A Retoucher’s World

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Karolina Kurkova by Tesh.

Retouching, has become a hot button issue within fashion circles. 2009 could go down as the year of Photoshop scandals; whether it is Demi Moore’s supposedly missing hip on the cover of W; or airbrushed to oblivion models, in posters for Ralph Lauren, people noticed something awry. While the outcry over retouching was especially vocal,  little has been said by those involved directly in the creative process. To get a better understanding of just how the very public retouching accidents happened, MDC sat down with retoucher, Jason Tuchman. As founder of Pistol Studios, Jason is responsible for some of the most high profile retouching in the business: you may not know his name but you’ve certainly seen his seamless work everywhere from ads to editorials. In our exclusive interview, Jason explains the constraints of retouching and shares what its future may hold. (Interview by Betty Sze, all images courtesy of Pistol Studios)

MDC: What are your thoughts on the retouching backlash?

JT: It all comes down to what every industry is coming down to: budget. Everyone is cutting budgets so the high end retouchers like myself are not getting the budget we used to- or the time to do our work. Now that we’re getting less time- it’s harder to produce beautiful and natural images. Also with the budget cut people are using in house retouchers- junior retouchers to do the work which should be done by senior retouchers. When you get people like that you end up with airbushed images. Everything looks like crap- people are too skinny, the skin is a mess.

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Alessandra Ambrosio by Todd Barry
MDC: How does something like the much talked about Ralph Lauren ads happen? Who is to be held responsible?

JT: Nobody. I’m not going to point my finger at the retoucher, I don’t know who the retoucher was and it might not have been their fault. But you know that game you played in kindergarten- telephone? In the advertising industry there is such a large chain of command. Imagine the top, top level says the model looks slightly large- slightly- not even that much (holds two fingers very close together). So it gets passed to the next person and the next person and by the time you get to the retoucher the message is, she’s morbidly obese. Especially now when peoples’ jobs are on the line- the message is skewed. Someone like me, who has been in the industry forever- would not take off that much and would say – no- it will make her body proportion look off and it will be unnatural (to retouch too much). Someone that is at a junior level will not know how to interpret properly and will literally translate the message. It’s not the retoucher‘s fault, it’s not the art director’s fault- it’s misinterpretation.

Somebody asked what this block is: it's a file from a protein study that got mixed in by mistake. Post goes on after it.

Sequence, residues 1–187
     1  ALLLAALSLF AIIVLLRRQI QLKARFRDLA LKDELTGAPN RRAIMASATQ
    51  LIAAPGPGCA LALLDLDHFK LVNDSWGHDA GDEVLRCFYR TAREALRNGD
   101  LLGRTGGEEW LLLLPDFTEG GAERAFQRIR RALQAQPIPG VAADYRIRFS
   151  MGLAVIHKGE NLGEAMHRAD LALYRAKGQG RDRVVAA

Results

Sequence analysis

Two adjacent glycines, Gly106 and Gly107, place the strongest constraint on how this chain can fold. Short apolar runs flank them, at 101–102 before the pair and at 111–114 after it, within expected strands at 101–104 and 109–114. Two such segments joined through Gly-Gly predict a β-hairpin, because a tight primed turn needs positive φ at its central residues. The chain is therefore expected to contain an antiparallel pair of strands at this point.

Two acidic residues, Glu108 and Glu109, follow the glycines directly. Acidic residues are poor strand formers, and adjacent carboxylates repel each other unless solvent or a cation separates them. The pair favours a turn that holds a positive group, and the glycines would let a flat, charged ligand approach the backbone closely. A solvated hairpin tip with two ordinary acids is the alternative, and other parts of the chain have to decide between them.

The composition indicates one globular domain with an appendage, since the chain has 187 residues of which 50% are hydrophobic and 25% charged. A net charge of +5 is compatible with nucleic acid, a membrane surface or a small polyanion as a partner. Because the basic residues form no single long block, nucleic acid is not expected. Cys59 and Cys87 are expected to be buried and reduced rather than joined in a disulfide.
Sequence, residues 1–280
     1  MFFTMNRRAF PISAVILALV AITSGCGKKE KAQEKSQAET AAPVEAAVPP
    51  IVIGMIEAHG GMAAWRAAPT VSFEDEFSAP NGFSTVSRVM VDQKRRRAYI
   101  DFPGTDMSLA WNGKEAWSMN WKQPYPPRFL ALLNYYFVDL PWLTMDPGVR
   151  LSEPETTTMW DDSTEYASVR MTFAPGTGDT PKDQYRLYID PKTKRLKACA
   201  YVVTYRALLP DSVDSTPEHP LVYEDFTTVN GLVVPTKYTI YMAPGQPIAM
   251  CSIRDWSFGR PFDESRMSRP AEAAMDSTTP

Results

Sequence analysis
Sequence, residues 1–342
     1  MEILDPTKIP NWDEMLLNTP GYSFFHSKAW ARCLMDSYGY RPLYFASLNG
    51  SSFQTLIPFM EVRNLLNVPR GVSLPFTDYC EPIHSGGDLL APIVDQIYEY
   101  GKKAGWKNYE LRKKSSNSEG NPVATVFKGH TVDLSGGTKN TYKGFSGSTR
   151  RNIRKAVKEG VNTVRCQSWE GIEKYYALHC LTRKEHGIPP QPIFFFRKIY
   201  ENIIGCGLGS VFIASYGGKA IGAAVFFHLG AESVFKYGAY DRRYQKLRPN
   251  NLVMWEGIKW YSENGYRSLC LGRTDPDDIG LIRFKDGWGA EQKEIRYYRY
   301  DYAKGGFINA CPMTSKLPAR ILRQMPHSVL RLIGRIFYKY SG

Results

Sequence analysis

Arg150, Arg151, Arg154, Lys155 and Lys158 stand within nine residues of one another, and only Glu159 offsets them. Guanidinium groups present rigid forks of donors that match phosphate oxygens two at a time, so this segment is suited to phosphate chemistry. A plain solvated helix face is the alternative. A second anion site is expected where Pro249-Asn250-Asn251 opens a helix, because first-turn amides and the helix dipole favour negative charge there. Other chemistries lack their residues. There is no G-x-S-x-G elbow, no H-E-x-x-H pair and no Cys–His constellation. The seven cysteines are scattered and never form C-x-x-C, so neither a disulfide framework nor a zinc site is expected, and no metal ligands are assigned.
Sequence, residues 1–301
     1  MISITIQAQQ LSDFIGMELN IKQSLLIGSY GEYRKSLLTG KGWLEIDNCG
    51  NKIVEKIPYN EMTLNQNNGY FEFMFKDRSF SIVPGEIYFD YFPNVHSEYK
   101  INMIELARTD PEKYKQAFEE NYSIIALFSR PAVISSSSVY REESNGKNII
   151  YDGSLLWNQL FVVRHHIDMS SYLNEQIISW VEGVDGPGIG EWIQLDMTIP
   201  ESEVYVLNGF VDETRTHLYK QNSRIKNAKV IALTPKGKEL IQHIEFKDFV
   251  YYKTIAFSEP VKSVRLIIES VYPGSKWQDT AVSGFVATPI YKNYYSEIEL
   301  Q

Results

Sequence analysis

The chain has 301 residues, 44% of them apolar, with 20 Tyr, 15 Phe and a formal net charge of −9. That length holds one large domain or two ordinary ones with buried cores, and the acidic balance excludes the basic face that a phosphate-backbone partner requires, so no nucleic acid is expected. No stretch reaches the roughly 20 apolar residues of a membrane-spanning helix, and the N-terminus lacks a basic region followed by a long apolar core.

MDC: What is the future of retouching?

JT: The future of retouching is definitely going to incorporate 3D application. It’s a scary thought for me in what I do and for the photographers I work with. Why do you need a studio and a girl when you can create the girl and the location? Why spend all the money on a product- why hire a photographer and get catering and a studio when it can be made in 3D? We’re not there yet- I give it another 5 years. There are companies that are dabbling in it- I’m not dabbling in it yet because the technology isn’t good enough. I have a 3D background so I will know when it will be realistic enough. When it is good enough and people start really using it- it will change the face of modern photography and retouching and advertising. Whether it’s going to be good or bad, it’s going to happen. In movies now it’s taking place- half of Hollywood are guys sitting behind computers creating characters.

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John Varvatos for Converse by Keiran O’Connor.